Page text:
Some trade with Cuba is already legal. U.S. companies have made $5 billion shipping agricultural products like corn, wheat and soy beans to the country during the last 14 years, says John Kavulich, president of the U.S.-Cuba Trade and Economic Council. But he expects business relations to thaw slowly.

“This isn’t a Niagra Falls of water,” he says. “This is a Niagara Falls of molasses.”

If and when sanctions are lifted, Raul Moas expects Cubans to welcome more U.S. investment. Moas is a Cuban-American, and executive director of Roots of Hope, a group that helps connect young people in Cuba with technology and entrepreneurial skills.

“There’s very much the desire to keep Cuba Cuban," Moas says. "I think for the average Cuban, the chance to work at a foreign company represents access to a better life.” 

Still, it will take time for attitudes towards capitalism to change in Cuba. One example of limits on private enterprise: right now a restaurant can have no more than 50 chairs.

Most aid to families goes to working families

Marketplace - American Public Media - Mon, 2015-04-13 11:00

Never mind welfare to work. Today's world for low-wage earners is welfare and work. A new study from the UC Berkeley Center for Labor Research and Education finds that three out of four Americans who rely on aid programs like food stamps or Medicaid are members of working families. 

The Center's Ken Jacobs says for those at the bottom, wages alone don't cut it. "You go back for the last 25 years, and real wages have actually declined since 1979," Jacobs says. "At the same time we've seen a decline in the share of workers with job-based health coverage."

So, many lean on the safety net to supplement their paychecks. The study finds that about half the workers in fast food, child care, and home healthcare live this reality.

This does not surprise social work scholar Luke Shaefer at the University of Michigan. He says welfare changes in the 1990s explicitly made a link between welfare to work.

"This is a direct, and you might even say, intended, result of policy decisions that were made," Shaefer says. "You can think of the welfare reform of 1996 as the stick: there's going to be less aid if you're not working."

Alan Turing Notebook Sells For More Than $1 Million At Auction

NPR News - Mon, 2015-04-13 10:32

The manuscript dates to 1942, when the mathematician and computer science pioneer worked to break the German Enigma code. It is filled with complex mathematical and computer science notations.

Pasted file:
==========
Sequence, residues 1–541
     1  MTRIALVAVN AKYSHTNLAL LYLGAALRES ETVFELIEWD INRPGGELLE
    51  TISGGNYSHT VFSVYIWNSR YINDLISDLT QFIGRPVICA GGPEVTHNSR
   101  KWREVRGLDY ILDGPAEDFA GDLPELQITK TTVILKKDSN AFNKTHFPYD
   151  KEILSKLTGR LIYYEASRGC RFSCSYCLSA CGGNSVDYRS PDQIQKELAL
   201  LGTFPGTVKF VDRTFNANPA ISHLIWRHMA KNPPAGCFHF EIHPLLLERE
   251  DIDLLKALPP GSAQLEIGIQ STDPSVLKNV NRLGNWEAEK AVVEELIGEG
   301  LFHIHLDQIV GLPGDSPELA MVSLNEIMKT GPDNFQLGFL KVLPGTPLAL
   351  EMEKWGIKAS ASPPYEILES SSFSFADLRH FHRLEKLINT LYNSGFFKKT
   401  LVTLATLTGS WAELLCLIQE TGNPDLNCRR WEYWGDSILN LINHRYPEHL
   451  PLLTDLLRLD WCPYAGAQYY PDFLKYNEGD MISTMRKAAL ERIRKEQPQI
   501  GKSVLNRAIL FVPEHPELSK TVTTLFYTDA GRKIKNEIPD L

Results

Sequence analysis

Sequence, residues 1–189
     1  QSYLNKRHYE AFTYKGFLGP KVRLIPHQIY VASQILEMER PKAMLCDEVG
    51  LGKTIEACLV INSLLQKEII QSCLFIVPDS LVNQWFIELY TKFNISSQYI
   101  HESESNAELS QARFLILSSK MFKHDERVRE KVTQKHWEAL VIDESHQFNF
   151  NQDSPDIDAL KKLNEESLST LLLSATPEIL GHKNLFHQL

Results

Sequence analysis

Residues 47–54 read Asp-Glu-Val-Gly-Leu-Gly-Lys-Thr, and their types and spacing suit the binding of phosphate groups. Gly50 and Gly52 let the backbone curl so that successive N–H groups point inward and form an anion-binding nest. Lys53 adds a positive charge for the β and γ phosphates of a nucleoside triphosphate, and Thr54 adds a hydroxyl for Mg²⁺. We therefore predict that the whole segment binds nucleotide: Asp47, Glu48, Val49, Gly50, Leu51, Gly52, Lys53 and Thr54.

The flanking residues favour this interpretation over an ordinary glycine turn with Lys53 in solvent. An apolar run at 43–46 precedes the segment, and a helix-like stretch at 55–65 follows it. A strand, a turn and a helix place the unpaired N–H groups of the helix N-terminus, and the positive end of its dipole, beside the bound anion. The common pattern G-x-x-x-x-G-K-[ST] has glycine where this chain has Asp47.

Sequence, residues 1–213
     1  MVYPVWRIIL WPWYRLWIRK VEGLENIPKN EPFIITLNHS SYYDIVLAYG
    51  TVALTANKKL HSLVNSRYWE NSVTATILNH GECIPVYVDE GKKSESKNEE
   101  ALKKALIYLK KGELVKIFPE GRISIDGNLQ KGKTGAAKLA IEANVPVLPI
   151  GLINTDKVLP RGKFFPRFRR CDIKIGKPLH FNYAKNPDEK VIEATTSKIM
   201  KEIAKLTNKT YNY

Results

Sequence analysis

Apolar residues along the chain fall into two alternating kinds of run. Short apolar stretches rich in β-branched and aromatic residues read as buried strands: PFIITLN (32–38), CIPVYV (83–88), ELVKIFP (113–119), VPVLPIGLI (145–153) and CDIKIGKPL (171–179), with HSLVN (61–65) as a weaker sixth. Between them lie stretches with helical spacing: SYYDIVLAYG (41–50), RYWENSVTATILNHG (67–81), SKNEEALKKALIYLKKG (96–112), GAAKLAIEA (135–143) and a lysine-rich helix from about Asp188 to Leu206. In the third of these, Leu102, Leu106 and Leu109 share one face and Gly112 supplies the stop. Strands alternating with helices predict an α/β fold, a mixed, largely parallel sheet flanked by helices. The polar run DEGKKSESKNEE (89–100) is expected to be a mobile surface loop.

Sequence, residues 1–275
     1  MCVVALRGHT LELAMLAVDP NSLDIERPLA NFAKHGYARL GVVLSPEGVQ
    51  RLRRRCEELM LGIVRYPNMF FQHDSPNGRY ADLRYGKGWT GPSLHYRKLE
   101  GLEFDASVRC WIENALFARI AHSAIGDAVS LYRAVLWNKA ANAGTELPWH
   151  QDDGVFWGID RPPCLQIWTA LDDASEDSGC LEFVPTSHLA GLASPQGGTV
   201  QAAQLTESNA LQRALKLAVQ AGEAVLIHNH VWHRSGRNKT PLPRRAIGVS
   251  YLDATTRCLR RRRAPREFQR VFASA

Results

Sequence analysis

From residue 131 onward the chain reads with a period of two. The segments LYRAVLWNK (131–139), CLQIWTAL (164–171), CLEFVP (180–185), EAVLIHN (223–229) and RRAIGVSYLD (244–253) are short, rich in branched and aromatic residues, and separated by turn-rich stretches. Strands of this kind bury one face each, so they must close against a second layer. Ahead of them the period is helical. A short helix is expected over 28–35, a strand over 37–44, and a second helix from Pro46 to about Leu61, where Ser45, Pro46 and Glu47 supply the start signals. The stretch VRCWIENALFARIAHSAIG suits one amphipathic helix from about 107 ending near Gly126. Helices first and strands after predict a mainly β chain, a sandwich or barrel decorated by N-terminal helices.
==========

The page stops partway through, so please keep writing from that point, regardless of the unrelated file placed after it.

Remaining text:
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Under Armour wins big at the Masters

Marketplace - American Public Media - Mon, 2015-04-13 10:07

If you watched the Masters on Sunday, you know Jordan Spieth had a very good day. You could argue his main sponsor, Under Armour, had a better one.

They signed Speith to a 10-year deal back in January, Bloomberg notes, guaranteeing Under Armour is the only brand name Spieth will wear on the course.

A key provision?

Under Armour doesn't make golf clubs, which means Speith didn't have to change clubs to make the deal — no small thing.

And by the way, I haven't had a pimento cheese sandwich yet.

JFK Profile In Courage Award Going To Former GOP Rep. Bob Inglis

NPR News - Mon, 2015-04-13 09:31

In 2010, Inglis, R-S.C., lost his seat in the Tea Party wave for, among other things, accepting climate change. Past winners of the award include President George H.W. Bush.

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One man's dream: a tornado machine

Marketplace - American Public Media - Mon, 2015-04-13 08:39

You've heard of wind and solar. But what about harnessing other forces of nature for energy? That's Louis Michaud's idea.

Michaud worked an engineer in the petroleum industry, but on the side, he nurtured a radical green energy idea, a new renewable energy source he thinks could cover all of our power needs.

The Adaptors — a project of SoundVision Productions and The Atlantic — went to Sarnia, Ontario for a look.

Seth Meyers is getting the hang of his new gig

Marketplace - American Public Media - Mon, 2015-04-13 08:00

Hosting Late Night wasn't Seth Meyers's first time in the host chair — he'd anchored Saturday Night Live's Weekend Update since 2006, where he was also a head-writer and cast member. Late Night with Seth Meyers premiered in February of 2014. After a year's worth of shows, Meyers has gotten the hang of his new gig.